Yoko Ono is turning 77 tomorrow. Keep that in mind as you imagine the performance artist shimmying, writhing, caterwauling, and charming the pants off the audience at Brooklyn Academy of Music on Tuesday night. The show began with a montage of Ono recordings, films, interview clips, and photos from her days with husband John Lennon, and ended with a cavalcade of special guests that frankly kind of blew us away. Rundown of the entire performance by We Are Plastic Ono Band, plus an image gallery featuring Eric Clapton and the Scissor Sisters, after the jump.
The first set was a fast and furious tour through the Yoko Ono discography, including the title track from her latest record release,
, and a rendition of “Rising” with son Sean — the emcee-of-sorts — as accompaniment. And in case you wondering, the lady can still scream.
The second act, less rehearsed but equipped with a magical spontaneity, included guest appearances by Scissor Sisters — who performed “The Sun is Down” as a dance-y duet in front of an animated short from the ’60s — and a heartstring-tugging acoustic version of “Oh Yoko” by Gene Ween. Justin Bond, in sequined leggings, took on “What a Bastard the World Is” before things got experimental with Kim Gordon and Thurston Moore, who thrashed conceptually (think lots of reverb and dissonant bass notes) as Ono wailed “Mulberry.” Bette Midler owned the audience with a whimsical take on “Yes, I’m Your Angel,” which Ono explained that she wrote to cheer up Lennon on the eve of his 40th birthday. After an appearance by Paul Simon and son Harper, a childhood friend of Sean’s from The Dakota and Central Park West, Eric Clapton took the stage for a searing “Yer Blues” (originally on the Beatles’ White Album, on which Clapton played as session guitarist) followed by Ono songs “Death of Samantha” and “Don’t Worry Kyoko.” Two original members of Lennon’s Plastic Ono Band — Klaus Voormann and Jim Keltner — played backup, marking the first time in four decades that the group of musicians had jammed together.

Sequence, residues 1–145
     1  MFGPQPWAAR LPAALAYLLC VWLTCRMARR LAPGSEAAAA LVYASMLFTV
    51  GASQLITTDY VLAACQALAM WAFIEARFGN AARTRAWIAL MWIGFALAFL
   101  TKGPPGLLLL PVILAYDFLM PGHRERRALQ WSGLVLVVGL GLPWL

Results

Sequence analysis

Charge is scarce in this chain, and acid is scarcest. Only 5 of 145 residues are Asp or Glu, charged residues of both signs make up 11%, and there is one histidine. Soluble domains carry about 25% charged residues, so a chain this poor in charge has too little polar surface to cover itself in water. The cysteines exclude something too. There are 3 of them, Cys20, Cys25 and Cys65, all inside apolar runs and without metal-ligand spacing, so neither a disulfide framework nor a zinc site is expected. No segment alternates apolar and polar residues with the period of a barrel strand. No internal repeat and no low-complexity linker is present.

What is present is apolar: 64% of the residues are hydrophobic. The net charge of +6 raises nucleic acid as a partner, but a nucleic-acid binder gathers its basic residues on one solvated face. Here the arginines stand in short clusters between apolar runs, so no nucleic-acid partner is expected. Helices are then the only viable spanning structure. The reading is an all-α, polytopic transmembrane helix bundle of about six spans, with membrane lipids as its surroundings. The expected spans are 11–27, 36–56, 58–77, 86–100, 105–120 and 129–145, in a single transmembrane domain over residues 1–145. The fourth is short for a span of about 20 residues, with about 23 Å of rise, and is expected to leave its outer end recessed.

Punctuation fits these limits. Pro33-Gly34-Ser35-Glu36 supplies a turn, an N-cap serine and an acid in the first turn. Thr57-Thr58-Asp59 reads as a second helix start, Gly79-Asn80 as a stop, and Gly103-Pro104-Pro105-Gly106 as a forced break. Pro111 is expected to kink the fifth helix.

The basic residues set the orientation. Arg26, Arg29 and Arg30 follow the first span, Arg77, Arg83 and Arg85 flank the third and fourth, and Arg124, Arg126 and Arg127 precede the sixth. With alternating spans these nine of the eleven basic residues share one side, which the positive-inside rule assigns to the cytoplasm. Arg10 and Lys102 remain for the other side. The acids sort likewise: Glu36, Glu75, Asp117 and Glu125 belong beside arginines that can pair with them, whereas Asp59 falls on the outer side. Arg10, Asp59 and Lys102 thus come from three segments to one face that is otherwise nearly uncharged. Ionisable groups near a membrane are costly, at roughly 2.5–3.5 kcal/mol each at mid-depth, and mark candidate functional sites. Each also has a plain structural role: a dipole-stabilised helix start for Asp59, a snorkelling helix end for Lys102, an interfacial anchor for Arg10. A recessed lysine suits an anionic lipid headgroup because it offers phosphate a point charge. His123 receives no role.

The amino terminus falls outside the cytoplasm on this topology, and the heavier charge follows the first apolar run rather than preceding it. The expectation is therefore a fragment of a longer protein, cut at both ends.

The finale was — as you might have guessed — a group performance of “Give Peace a Chance,” set to a dark auditorium punctuated by flashlight, a reference to the Onochord, a device meant to spell out “I love you” with a series of Morse code flashes.
Sidenote: if you don’t follow Ono’s Twitter feed, we would heartily recommend it.
All concert images courtesy of Kevin Mazur / Wire Image.